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  • Filed under: Review
  • 05/04/2012

Last Step Sleep

Last week, in our profile of the new album by UK experimentalist Actress, we noted how producer Darren Cunningham had a distinct method to creating his tracks, which includes tapping into his subconscious à la Salvador Dali. Despite how curiously romantic it sounds, the act of maintaining creative productiveness whilst approaching sleep seems all too unlikely, but here we are again, with an LP from an artist who claims to have made it while drifting in and out of consciousness. Sleep, the aptly titled record in question, was crafted by the prolific Aaron Funk (better known as Venetian Snares) under his rarely utilized Last Step moniker, and features nine cuts of woozy, slowed-down acid which aren't completely dissimilar from AFX's massive Analord series. It's also probably the best thing Funk has released in recent memory.

Sleep's relative straightforwardness is a breath of fresh air coming from the Canadian tunesmith. Each of the album's productions sound as if they were constructed using strictly analog machines and outboard gear, instead of the frenzied array of hacked audio files and intricate Max/MSP patches that color in most of Venetian Snares' work. Even the discordant pads and atonal metallic clatter in "Microsleeps" sound like a lullaby in comparison to his usual output, which isn't to say that hyperactive Funk is 100% less appealing than half-awake Funk—Winter in the Belly of a Snake and Detrimentalist are compelling arguments against that. However, the lowest points on Sleep, like, say, the confoundingly brief acid workout "Obispo" or the aimless bassline noodling on "My Off Days," easily stand above the best tracks from a blasé record like the Fool the Detector EP.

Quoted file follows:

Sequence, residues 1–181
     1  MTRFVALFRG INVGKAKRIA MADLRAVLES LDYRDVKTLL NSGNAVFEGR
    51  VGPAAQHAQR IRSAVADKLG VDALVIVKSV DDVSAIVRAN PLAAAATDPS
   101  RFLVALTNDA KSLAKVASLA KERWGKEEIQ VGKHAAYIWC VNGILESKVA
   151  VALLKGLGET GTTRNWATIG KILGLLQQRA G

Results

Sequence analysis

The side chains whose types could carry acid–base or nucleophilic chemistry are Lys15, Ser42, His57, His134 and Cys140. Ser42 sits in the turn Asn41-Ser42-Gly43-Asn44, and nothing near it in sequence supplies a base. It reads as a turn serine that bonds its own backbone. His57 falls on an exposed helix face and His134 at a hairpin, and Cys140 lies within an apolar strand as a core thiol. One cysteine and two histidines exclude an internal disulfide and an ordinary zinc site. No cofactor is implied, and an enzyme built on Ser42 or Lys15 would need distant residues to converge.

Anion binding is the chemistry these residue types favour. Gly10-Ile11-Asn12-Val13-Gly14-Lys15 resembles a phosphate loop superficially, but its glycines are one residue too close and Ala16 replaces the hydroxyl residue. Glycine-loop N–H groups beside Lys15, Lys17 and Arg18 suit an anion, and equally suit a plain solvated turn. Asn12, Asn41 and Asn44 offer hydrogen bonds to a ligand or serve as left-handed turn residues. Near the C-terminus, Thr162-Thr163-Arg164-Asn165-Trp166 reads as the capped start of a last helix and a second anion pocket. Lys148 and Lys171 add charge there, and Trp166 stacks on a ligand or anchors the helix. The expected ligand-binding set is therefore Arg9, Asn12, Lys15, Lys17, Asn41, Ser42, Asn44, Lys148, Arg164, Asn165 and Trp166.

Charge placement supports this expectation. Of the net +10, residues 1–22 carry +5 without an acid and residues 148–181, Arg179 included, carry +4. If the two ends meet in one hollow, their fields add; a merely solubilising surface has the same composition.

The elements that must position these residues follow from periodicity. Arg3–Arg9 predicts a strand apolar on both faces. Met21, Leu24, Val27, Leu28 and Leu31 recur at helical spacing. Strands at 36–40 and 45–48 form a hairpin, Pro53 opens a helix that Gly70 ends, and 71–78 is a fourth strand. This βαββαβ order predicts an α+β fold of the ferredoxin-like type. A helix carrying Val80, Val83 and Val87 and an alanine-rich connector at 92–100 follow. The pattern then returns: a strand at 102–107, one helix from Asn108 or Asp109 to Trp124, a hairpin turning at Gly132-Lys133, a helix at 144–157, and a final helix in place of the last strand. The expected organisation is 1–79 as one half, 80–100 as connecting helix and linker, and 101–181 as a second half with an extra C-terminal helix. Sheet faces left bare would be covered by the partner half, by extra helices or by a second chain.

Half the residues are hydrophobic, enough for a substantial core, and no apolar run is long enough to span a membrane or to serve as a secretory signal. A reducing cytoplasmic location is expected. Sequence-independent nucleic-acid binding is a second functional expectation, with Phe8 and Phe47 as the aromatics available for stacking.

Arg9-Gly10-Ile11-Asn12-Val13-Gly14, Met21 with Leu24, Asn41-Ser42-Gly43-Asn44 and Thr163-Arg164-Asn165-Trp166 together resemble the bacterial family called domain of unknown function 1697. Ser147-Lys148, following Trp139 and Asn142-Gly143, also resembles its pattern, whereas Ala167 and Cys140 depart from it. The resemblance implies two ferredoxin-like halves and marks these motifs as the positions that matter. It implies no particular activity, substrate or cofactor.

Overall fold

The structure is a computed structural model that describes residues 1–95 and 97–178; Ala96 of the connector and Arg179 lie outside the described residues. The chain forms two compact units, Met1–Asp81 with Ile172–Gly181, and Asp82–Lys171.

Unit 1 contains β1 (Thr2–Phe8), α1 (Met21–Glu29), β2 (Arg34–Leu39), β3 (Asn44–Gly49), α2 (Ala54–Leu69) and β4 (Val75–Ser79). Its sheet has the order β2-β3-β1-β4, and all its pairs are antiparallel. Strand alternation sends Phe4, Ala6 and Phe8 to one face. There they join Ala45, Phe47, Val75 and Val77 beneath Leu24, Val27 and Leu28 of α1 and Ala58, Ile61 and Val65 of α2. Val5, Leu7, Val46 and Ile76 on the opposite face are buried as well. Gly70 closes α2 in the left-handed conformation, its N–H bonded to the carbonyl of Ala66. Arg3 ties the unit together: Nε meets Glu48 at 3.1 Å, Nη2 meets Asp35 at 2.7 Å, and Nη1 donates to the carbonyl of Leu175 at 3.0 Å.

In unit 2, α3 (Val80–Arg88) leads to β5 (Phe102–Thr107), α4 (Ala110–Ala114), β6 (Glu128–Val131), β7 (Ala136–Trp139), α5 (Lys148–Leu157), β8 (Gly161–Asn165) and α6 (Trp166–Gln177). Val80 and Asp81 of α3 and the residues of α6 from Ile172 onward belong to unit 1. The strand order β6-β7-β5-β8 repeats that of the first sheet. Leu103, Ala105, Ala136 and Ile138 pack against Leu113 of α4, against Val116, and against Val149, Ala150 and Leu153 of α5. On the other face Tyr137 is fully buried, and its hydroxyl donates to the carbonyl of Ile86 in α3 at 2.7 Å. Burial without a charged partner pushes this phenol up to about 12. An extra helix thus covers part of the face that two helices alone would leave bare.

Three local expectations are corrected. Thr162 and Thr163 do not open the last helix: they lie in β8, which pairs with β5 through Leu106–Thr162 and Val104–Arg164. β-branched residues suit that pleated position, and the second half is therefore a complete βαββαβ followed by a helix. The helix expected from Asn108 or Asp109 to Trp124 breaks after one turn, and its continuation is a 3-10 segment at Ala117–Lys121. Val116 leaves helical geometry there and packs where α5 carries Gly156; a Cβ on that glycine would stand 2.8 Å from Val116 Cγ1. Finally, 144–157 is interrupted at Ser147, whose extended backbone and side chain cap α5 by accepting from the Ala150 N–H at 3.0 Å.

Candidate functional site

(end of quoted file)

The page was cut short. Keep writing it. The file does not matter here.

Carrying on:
Funk may have made the music while in a disorienting state of mental limbo (admittedly, his synths largely sound ambling and off-key, while his drum machines seemingly fire their samples without an operator manning the controls), but his LP is unexpectedly focused in terms of arrangements and style. Most tracks rep a decidedly old-school sound comprising deconstructed 909 patterns and twisting 303 basslines soaked in cavernous reverb with the occasional string accompaniment, a sound best represented on highlights "Lazy Acid 3," "Avocado," and "Rohypno." Those tunes strike an excellent balance between Last Step's subdued approach to analog-centric production, Funk's general penchant for claustrophobic soundscapes, and the classic acid sound that diehards (not to mention newfound fanboys) just can't get enough of. It's not that the workaholic producer should completely ditch his work as Venetian Snares altogether, but maybe he should try to revisit the kind of music Sleep offers more than once every four years or so.

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